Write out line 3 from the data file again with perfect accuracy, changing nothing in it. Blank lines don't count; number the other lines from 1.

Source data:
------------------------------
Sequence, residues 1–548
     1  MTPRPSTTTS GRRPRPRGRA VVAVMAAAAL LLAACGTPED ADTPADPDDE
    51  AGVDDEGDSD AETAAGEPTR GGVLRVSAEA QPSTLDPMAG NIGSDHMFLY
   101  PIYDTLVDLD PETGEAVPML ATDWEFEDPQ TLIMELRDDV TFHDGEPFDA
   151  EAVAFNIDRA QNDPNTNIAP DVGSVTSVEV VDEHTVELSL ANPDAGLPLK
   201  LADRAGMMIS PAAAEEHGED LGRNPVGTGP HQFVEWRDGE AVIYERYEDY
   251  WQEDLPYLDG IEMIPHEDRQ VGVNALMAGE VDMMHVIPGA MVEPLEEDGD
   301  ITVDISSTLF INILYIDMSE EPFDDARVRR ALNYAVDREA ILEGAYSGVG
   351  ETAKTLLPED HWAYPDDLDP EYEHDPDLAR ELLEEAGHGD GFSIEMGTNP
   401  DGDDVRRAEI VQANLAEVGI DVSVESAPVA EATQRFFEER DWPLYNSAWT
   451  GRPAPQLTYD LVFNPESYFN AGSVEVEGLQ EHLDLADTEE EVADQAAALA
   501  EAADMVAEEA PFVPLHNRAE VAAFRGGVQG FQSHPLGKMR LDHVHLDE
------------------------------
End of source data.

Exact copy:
    51  AGVDDEGDSD AETAAGEPTR GGVLRVSAEA QPSTLDPMAG NIGSDHMFLY